Thursday, October 8, 2009

My "brave" decision

My name is Amanda H. Miller. And I am a waitress.

I have created this blog as a tribute to the work that has brought me so much freedom and happiness. It only recently occurred to me that I’ve slighted this profession all of my adult life, leaving it off resumes, out of casual conversations and neglecting to post it on my Facebook page.

While I’ve waitressed and cooked and hosted at restaurants from New York to Alaska since I was a teenager, I’ve also been a newspaper reporter all these years. That’s the profession I list on loan applications and the one I would have put on dating Web sites if I’d ever lived in a city with more than 5,000 men.

Some friends and family members may not have even known I am a closet service worker.

But this work has brought me such solace and balance. I always look forward to leaving the newspaper for my waitressing shifts where it’s almost always so busy there’s no room in my head for anything but elk chops and tenderloins, sweet potatoes, French fries, Bud Lights and margaritas.

If there is a moment, it’s nice to talk to people about where they’re from and if they’re enjoying their vacations instead of how many DUI arrests the police made or how the school kids did on their standardized tests.

And it’s so fulfilling to open that little black book left on the table to find $12, $20, $110 just for me (and the bussers, bartenders and stewards). I like the suspense leading up to it and I like guessing at what people will leave. I like being right and sometimes I love being wrong.

This work has filled my pockets with green bills and my bank account with enough digits to allow me a freedom few have these days.

The freedom to quit.

I’ve given notice at both my jobs in the midst of the worst economy since the Great Depression.

“Congratulations,” the guy who works at Blue Cross said to me today when I told him I was quitting my job, the one with health insurance benefits. “ You don’t hear that much these days. A lot of people are getting laid off. But I don’t know of anyone quitting.”

The plan was to spend the holidays with my family and then four months bumming around South America – purposely unemployed. Then, tentatively, to wait tables and try to write something other than newspaper articles.

The plan has gotten mixed reactions. Jackson Hole is a pretty amazing place, full of more natural beauty than any other place in the continental United States. A lot of people wonder why I would leave, especially when my job (the newspaper gig) is so good. I can drink beer at lunch some days, ski in the backcountry before work and hike in the Tetons on my lunch break.

Most people, though, think my plan is brilliant. They smile and call me brave.

I am grateful to live in a time when the line between brave and crazy is so fuzzy.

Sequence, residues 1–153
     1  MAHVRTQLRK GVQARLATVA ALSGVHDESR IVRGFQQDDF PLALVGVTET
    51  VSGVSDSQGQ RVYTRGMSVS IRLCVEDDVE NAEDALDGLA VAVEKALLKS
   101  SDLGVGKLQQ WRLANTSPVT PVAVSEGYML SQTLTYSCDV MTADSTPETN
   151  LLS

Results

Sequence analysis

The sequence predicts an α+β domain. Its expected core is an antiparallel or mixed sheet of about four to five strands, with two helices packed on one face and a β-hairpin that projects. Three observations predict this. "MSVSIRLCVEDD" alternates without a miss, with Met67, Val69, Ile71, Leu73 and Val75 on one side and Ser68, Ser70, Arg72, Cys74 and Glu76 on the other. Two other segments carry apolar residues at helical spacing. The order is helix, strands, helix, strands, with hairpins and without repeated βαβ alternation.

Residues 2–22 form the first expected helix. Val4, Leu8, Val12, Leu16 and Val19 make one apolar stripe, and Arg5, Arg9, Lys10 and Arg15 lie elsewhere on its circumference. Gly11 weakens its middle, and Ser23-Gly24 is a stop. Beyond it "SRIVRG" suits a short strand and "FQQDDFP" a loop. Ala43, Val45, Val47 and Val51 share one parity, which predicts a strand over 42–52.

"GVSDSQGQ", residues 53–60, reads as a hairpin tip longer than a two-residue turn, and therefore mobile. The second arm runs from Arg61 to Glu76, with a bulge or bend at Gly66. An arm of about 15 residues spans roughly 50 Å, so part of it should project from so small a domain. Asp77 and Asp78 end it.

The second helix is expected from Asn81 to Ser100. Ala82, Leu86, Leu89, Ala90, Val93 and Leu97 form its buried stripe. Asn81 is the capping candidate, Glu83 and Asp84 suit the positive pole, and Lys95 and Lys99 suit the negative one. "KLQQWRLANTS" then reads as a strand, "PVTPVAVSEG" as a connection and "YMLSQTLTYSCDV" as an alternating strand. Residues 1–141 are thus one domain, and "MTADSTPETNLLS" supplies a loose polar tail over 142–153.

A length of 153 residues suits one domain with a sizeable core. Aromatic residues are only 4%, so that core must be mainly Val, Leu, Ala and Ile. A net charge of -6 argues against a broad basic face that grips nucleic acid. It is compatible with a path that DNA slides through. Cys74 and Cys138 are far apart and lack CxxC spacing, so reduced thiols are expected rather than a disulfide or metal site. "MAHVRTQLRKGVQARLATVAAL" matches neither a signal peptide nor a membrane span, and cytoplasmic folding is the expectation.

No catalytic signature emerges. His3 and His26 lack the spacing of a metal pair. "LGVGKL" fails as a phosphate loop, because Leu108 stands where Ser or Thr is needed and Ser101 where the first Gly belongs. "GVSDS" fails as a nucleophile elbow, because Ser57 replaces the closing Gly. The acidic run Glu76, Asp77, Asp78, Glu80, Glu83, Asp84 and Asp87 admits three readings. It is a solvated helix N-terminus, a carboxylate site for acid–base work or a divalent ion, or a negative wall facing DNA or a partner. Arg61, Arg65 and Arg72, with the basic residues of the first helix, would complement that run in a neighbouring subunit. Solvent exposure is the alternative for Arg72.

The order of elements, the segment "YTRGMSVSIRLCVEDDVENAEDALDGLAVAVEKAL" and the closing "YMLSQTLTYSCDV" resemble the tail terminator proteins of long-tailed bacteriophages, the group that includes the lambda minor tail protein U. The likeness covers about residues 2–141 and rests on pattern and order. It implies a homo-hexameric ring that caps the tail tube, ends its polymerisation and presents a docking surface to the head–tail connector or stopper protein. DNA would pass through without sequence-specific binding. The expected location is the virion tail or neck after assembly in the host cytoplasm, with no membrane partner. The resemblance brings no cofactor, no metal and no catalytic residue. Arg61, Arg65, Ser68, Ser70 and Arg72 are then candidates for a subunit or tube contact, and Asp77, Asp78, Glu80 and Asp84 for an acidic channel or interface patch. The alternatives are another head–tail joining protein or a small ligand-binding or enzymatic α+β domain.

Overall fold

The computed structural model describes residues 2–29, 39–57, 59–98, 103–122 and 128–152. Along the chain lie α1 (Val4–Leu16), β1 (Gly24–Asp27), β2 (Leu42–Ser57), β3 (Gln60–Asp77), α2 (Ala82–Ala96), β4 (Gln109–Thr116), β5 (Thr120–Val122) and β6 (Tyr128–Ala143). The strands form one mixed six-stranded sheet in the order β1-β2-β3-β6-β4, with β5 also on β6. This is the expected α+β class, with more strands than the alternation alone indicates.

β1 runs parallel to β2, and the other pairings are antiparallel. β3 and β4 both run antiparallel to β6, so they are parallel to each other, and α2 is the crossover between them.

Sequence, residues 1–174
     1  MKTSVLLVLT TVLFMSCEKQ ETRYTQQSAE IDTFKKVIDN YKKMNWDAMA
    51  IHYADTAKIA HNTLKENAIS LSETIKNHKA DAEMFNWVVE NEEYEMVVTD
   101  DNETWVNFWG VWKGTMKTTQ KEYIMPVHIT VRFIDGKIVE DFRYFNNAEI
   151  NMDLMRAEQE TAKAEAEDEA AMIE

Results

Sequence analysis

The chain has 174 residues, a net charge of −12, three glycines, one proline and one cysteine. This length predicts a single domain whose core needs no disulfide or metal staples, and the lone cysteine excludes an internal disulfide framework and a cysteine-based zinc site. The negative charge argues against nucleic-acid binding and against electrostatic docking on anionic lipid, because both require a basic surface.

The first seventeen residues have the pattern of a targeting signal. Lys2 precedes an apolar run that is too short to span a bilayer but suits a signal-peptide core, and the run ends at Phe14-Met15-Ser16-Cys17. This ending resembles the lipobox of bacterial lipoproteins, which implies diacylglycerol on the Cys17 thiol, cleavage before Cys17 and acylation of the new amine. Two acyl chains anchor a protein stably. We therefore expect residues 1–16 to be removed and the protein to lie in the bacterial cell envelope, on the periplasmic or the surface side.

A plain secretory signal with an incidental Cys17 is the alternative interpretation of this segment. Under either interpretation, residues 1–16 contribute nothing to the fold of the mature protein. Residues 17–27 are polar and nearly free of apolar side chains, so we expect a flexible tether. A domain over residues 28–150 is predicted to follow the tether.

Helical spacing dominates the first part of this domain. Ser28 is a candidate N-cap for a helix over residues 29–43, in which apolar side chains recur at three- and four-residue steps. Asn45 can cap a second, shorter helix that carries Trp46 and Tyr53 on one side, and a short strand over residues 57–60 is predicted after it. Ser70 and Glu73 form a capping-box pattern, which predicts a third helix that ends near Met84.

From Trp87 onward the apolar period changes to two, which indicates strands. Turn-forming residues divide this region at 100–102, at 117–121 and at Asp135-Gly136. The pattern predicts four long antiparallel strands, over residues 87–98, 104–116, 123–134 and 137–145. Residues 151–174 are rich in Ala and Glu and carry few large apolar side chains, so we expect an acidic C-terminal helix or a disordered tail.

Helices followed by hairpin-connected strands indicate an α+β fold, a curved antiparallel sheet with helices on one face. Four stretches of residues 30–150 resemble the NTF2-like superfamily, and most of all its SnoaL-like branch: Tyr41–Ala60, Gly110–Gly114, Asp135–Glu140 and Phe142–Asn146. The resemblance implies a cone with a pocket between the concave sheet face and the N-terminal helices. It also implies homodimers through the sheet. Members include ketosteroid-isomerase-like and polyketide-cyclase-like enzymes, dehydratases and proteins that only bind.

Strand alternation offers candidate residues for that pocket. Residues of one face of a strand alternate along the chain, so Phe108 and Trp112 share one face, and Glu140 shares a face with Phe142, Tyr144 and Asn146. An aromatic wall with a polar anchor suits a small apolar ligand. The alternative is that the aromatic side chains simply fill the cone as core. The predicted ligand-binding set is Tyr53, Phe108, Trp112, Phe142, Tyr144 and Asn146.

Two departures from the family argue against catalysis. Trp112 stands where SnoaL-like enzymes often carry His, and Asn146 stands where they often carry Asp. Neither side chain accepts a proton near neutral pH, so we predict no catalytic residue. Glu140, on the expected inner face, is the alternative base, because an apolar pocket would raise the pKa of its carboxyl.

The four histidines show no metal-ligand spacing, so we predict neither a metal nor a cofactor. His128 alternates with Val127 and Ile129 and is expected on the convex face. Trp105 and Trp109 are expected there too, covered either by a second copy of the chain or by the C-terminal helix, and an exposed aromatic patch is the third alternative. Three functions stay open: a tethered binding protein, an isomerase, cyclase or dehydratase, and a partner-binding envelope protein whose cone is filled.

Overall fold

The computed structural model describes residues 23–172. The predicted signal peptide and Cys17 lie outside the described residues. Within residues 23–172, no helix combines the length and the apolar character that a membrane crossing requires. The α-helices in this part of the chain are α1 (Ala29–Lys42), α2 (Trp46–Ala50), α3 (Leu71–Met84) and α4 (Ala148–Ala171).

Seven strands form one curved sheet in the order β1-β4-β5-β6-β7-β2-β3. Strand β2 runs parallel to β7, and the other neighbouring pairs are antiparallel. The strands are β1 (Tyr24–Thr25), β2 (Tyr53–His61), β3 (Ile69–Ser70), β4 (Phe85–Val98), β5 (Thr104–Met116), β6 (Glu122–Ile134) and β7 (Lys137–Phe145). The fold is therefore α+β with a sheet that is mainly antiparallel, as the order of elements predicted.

To add an extra dash of “brave” to this plan, I’ve decided to attempt to be a waitress in every country I visit in South America.

This extra “brave” addition to my travel plans is perfect for a few reasons.

  1. I’m wildly interested in immigration and illegal workers. What better way to dig deep into the issue than to BE an illegal worker?
  2. Working in a fast-paced restaurant environment will force me to amp up my Spanish. Even if no one ever hires me, the interviews will be good practice.
  3. It will help me pay for some of this “brave” adventure.
  4. I will have something relevant to blog about on this site I insisted on naming “Excuse me, waitress.”


  1. Congratulations, Amanda! Now, you are a TRUE journalist. I'm extremely pleased for you!! I will look forward to seeing your future postings here, and, I'm thinking, eventually a book...Sharon Dominguez

  2. Wow, Amanda--what an adventure! I'm truly envious of your ability to pick up and go, and I can't wait to read about the life-changing experiences you're sure to have on this journey. Buen viaje!

  3. Don't you go putting brave in quotes again - it's a veritable courageous adventure and I can't wait to read all about it. You are truly excellent!

  4. This is fantastic! I am really looking forward to all future blogs and will be sure to send it to my fellow waitress friends. - Robyn Scrafford

  5. After reading this, I was reminded of our dinner night at you place in Rifle when you reminisced about working at that little restaurant/bar in Alaska and how much you loved it. I'm all for new experiences, so I wish you luck. God speed, AHM!

    Love ya!

  6. Brilliant. Love you. Happy travels!

  7. You're my hero. I can't wait to read about your adventures. Love you!

  8. You are such a poised writer. Having worked F&B before I could relate to a lot of the feelings you describe in that job so vividly. Everyone really must work it at least one to realize the "service men and women" as you refer to them, deserve so much more respect thanthey are often given. I look forward to reading your adventures and hope a book deal comes out of this from a sassy NY Editor that is brilliant enough to find your blog. Best wishes & happy travels.

  9. Hi Amanda --

    Just came across your blog. I respect the hell out of what you're doing, but man am I scared for you. Knock it out of the park so I'm not so scared, OK? If you haven't yet, see "Julie and Julia".

    Reading your quip about your response to the idea of eating tuna/mac for a year made me think of another of my favorite responses -- one of yours. You had asked me, at the spur of the moment, to write an editorial for The DePauw. When I said yes, you seemed so genuinely happy and said "Can I give you a hug?". One of the best hugs I've ever gotten.

    Take good care,